Nowadays, most applications we build are composed of microservices and distributed in nature. In such a setup, communication between these microservices is crucial, but can, unfortunately, cause some headaches.
The first thing I check when I’m troubleshooting a bug in production is inter-service communication. Having a reliable tool at your disposal to take care of this can reduce a lot of stress. RabbitMQ, a hybrid messaging broker, is one such tool.
But before you can troubleshoot communication issues, you need to make sure the tool responsible for that communication is functioning properly. Monitoring RabbitMQ becomes important to make sure the whole application is working as expected.
In this post, I’ll be showing you the various metrics RabbitMQ offers for monitoring performance, message delivery, and the general functioning of RabbitMQ. I’ll also talk about some of the best RabbitMQ monitoring tools that can help you monitor the health of your clusters. Last but not least, I’ll address the importance of correlating metrics with logs.
Understanding How RabbitMQ Works
At its core, RabbitMQ is a simple message broker system, made up of just a few parts, namely an exchange and queues. Outside of RabbitMQ, you have the producers and consumers, sending and receiving messages to and from RabbitMQ.
It’s all pretty straightforward: The producer sends a message to RabbitMQ, which is received by the RabbitMQ exchange. Based on a few parameters both in the configuration and the message received, the exchange will decide on the right target queue for the message and forward it there for a consumer to read.
There can, of course, be multiple target queues and multiple consumers consuming the same message. As to the types of exchanges you’ll find in RabbitMQ, here are a few of them:
- Fanout Exchanges send the incoming message to all queues available.
- Direct Exchanges route the incoming message to the target queue indicated by the message’s routing key.
- Topic Exchanges are where the routing key is matched with all available queues, which then completely or partially receive the message.
- Headers Exchanges are responsible for making sure the header of an incoming message matches the header of a given queue. If the headers match, the queue will receive the message.
You should know that this is an overview of the architecture of RabbitMQ. This architecture might seem very simple, but when RabbitMQ is deployed in a production environment with hundreds of consumers and producers, things get more complicated. So it’s critical you monitor the setup so that there are no messages lost in transit.
Why You Should Monitor RabbitMQ
Many transaction-based systems rely on messaging services for sending transactions downstream, e.g., for record-keeping and analytics. Losing just one message can mean losing an actual transaction and a potential monetary loss for your business. You can lose a RabbitMQ message for a variety of reasons, such as high CPU usage, several messages going unacknowledged, etc. Monitoring will help you narrow down the reasons for such behavior.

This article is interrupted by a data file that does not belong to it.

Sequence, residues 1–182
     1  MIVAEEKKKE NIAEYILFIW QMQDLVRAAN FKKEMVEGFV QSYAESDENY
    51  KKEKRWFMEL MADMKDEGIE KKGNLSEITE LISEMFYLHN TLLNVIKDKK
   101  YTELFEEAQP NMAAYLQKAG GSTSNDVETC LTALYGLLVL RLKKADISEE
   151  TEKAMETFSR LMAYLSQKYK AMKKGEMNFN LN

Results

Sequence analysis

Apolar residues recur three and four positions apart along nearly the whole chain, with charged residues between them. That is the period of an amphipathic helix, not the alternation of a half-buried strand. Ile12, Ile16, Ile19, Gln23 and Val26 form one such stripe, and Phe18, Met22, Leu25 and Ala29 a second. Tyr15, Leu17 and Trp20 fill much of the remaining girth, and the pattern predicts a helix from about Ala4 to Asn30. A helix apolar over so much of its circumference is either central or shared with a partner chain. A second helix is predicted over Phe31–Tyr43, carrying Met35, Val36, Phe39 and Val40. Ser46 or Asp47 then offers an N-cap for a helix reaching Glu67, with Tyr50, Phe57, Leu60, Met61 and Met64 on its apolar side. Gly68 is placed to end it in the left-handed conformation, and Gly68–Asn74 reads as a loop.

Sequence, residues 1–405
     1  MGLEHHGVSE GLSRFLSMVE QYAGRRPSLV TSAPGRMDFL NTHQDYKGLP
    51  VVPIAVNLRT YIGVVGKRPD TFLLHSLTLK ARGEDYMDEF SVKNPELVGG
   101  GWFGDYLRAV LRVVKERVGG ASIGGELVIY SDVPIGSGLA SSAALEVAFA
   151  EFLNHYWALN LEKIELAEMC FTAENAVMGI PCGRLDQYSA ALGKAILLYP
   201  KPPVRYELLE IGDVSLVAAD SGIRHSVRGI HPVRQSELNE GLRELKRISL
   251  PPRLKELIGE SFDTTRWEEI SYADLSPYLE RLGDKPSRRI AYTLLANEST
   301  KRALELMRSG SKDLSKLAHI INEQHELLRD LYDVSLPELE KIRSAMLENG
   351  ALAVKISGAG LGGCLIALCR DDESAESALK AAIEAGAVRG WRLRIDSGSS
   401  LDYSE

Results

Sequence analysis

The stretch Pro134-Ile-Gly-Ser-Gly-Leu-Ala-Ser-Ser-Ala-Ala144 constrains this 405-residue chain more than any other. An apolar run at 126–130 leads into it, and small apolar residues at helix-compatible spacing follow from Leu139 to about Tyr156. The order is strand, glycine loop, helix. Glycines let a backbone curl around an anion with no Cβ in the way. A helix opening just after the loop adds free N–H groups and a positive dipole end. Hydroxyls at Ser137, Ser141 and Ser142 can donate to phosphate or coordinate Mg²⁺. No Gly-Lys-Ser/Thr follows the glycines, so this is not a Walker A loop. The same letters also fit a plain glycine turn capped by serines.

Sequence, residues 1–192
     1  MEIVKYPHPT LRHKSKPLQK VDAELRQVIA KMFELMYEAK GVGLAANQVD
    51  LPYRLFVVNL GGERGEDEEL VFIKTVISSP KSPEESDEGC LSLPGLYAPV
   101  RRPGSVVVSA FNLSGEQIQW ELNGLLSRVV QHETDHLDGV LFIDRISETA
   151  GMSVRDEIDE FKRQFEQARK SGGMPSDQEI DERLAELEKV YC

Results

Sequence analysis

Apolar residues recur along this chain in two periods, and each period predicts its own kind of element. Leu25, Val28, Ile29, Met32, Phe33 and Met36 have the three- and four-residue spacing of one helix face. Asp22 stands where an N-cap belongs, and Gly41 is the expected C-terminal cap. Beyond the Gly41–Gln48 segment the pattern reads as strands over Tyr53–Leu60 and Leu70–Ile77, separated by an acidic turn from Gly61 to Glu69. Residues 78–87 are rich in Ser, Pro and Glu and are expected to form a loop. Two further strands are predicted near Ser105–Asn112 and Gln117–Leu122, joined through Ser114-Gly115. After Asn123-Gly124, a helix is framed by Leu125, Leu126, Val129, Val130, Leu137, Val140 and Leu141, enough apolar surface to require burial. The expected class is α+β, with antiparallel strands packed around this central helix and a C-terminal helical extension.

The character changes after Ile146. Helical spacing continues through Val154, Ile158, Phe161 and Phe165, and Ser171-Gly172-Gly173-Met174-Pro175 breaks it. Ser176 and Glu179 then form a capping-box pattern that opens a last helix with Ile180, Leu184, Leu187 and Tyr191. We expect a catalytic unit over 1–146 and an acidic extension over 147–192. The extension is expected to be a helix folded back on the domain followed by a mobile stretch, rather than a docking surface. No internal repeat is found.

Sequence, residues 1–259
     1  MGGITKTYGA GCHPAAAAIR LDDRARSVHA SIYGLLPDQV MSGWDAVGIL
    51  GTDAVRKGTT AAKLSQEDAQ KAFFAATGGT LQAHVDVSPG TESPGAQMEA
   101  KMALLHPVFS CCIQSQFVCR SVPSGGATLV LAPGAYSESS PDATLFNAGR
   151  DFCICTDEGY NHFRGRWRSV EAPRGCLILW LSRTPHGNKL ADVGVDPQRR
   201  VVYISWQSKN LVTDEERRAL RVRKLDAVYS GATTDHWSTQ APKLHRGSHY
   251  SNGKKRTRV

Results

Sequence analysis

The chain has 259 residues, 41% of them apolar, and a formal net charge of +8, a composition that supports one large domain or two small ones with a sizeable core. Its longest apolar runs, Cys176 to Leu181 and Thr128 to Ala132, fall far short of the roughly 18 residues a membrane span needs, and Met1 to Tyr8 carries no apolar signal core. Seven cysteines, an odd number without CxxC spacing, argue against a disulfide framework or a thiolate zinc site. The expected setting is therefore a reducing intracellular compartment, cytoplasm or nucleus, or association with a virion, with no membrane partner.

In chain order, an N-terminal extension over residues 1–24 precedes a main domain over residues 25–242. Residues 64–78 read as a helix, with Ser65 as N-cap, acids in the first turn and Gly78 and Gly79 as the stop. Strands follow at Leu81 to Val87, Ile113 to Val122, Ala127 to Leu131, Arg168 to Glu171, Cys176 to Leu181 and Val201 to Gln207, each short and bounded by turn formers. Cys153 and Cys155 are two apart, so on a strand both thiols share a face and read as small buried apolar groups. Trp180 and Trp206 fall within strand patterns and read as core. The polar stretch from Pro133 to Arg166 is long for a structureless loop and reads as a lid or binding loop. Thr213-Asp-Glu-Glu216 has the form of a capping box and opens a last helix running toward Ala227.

But monitoring alone is not enough. You also need alerts for when something is about to go wrong or has already gone wrong. Queues shutting down or messages piling up in a queue—these are all cause for concern. Continuous monitoring ensures problems are immediately communicated to the relevant departments and fixed.
Building a successful monitoring and alerting strategy means keeping all of these factors in mind. But what exactly should you be monitoring?
How Do You Monitor RabbitMQ: Key Metrics You Should Measure
The most basic metrics used to monitor a RabbitMQ system are health checks, which essentially tell you if a node is healthy or not. But the definition of a healthy node is different for each project.
So, for one project, a node may be healthy if the Erlang VM is running on the system. But for another project, the node will only qualify as healthy if, along with the Erlang VM, a particular service (say, a producer) is also running on it. By running RabbitMQ, my team can define what makes a node healthy or not.
Health checks typically involve monitoring system-level parameters, not RabbitMQ parameters, so they’re limited in the information they can provide; for example, you’ll only get data about the node they’re running on. But to look at the overall health of RabbitMQ, you need to record metrics from all nodes in the cluster and over longer periods of time.
The metrics you can collect from the nodes running RabbitMQ can be generally classified into three types: